The Singapore Central Provident Fund is an important compliance issue for US owners of foreign accounts in Singapore. In fact, it could be the most common problem for these taxpayers. In this article, I would like to provide an overview of the main US tax compliance requirements for US taxpayers who have a Singapore Central Provident Fund account.
What is the Singapore Central Provident Fund?
The Singapore Central Provident Fund is basically a compulsory savings plan to which all working Singapore citizens and permanent residents and their employers are required (by the Singapore government) to contribute certain amount of their earnings. This savings scheme is meant to fund the workers’ future retirement, healthcare and housing needs.
The Fund is administered by the Cental Provident Fund Board which reports to the Ministry of Manpower and is charged with the task of investing the contributed funds.
Structure of the Singapore Central Provident Fund
The Singapore Central Provident Fund consists of various sub-accounts: Ordinary Account, Special Account, Medisave Account and Retirement Account. The Fund also includes various Retirement Schemes, Medical Schemes (most common Medisave and Medishield), and Protection Schemes.
Sometimes, an account holder uses the Ordinary Account to fund investment schemes. One of the most important and obscure of them is the Special Discounted Shares (“SDS”) Scheme which allowed the owners of a Singapore Central Provident Fund account to obtain Discounted Singapore Telecom (“Singtel”) shares. This opportunity was provided only in 1993 and 1996. Additional loyalty shares were granted to owners who held on to Singtel shares.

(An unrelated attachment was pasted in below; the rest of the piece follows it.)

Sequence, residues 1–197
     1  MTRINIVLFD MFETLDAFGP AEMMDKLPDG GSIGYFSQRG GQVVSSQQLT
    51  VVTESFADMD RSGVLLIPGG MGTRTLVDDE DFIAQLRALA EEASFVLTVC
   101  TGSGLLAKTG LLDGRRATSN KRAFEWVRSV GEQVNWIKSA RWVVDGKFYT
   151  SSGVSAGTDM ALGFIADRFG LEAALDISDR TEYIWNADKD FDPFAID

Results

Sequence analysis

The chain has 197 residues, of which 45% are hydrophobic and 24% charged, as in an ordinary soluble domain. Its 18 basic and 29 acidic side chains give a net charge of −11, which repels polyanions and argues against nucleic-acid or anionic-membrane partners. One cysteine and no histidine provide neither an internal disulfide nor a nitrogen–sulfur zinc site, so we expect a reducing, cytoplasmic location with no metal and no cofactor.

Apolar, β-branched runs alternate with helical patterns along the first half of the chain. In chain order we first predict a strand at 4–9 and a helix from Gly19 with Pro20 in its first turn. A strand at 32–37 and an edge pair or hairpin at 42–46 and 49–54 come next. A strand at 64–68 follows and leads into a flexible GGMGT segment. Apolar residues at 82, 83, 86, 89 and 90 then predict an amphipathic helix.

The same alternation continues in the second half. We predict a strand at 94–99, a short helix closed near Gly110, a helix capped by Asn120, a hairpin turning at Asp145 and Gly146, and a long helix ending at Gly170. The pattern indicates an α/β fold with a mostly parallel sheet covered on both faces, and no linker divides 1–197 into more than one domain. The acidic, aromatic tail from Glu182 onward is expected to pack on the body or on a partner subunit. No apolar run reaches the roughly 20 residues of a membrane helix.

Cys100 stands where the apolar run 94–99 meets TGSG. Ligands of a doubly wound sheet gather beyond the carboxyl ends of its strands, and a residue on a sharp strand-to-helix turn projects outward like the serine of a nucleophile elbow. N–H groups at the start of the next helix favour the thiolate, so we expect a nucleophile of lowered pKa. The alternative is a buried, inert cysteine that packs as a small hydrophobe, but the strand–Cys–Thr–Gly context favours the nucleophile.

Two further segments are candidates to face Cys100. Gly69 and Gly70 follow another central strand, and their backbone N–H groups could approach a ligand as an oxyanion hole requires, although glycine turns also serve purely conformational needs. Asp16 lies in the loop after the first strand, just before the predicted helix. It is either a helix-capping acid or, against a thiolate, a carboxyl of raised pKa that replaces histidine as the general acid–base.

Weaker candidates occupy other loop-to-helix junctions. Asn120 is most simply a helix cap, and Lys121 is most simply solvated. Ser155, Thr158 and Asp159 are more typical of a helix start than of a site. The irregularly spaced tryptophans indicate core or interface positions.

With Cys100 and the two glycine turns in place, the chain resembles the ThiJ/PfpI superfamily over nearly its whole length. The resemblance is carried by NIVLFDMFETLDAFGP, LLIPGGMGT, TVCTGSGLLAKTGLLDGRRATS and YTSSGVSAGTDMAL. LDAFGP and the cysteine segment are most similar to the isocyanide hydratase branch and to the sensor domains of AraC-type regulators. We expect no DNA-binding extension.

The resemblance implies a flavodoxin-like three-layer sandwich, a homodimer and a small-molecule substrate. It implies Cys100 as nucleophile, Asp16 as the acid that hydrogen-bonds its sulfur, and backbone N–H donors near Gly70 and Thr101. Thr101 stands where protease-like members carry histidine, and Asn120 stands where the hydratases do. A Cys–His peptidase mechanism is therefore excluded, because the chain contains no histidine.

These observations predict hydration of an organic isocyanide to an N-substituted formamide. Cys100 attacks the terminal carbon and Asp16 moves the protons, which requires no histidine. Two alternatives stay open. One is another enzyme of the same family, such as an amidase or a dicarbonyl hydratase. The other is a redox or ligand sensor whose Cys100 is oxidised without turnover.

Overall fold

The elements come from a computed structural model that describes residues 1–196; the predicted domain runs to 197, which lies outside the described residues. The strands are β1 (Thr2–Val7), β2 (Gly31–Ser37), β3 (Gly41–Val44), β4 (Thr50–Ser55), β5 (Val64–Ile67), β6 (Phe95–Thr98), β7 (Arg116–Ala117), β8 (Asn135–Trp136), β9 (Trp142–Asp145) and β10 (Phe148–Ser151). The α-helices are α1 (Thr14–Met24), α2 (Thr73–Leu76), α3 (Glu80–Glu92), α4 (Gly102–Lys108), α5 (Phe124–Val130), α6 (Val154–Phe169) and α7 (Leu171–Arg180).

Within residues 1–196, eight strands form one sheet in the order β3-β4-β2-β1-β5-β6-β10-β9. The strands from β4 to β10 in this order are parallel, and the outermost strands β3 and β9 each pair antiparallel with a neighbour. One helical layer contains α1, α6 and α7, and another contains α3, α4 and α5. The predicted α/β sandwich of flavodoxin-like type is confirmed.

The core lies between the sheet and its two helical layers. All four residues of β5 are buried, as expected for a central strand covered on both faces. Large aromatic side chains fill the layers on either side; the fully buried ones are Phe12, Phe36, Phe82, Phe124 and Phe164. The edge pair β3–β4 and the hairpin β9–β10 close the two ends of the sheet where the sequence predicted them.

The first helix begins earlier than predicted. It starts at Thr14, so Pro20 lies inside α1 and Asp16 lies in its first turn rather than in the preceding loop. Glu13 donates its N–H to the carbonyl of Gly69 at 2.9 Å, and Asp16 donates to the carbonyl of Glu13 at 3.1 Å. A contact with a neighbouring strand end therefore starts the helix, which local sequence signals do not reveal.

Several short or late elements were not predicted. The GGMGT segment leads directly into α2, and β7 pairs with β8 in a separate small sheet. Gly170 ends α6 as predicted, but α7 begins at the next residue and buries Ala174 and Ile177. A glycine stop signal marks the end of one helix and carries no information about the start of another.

US Tax Obligations: Reporting of Singapore Central Provident Fund Account
A Singapore Central Provident Fund account is a reportable foreign financial account for US tax purposes. Hence, such an account should be disclosed on both FinCEN Form 114 (FBAR) and FATCA Form 8938 as long as the applicable filing threshold is met.
Both, FBAR and Form 8938 require that the highest value of such an account is disclosed. Usually, this is not very challenging as long as there were no withdrawals from the account. The reason for it is because the value of the account is indicated on the first page of each CPF statement. The FBAR currency exchange rates should be used to translate this value for the purpose of FBAR and FATCA reporting.
If there were withdrawals, then the taxpayer is required to calculate the highest value of his account prior to the withdrawal.
US Tax Obligations: Reporting Income from Singapore Central Provident Fund
In addition to reporting the highest value of a Singapore Central Provident Fund account, a US taxpayer is required to disclose all income from the account on his US tax return. Usually, this means the reporting of interest income – all of the CPF sub-accounts generate interest income typically paid at the end of the year.
This income reporting requirement, however, also covers any other income produced by the account, including any dividends paid by Singtel shares and proceeds from any sales of Singtel shares. These are items that are often missed even by US tax accountants and attorneys due to their unfamiliarity with the SDS scheme.
The interest and dividend income should be converted to US dollars based on spot rates. Then, the converted values should be reported on Schedule B of Form 1040.
Contact Sherayzen Law Office for Professional Help With the US Tax Reporting of Singapore Central Provident Fund
The reporting of a Singapore Central Provident Fund account is one of the biggest sources of US tax noncompliance among individual US taxpayers who own financial accounts in Singapore. Besides what I listed above, there may be other applicable US tax requirements to such an account.
This is why, if you own a Singapore Central Provident Fund account, contact Sherayzen Law Office for professional help. Our firm can help you not only properly disclose the account for US tax purposes, but also correct any prior noncompliance related to the reporting of this type of an account or any income it generated.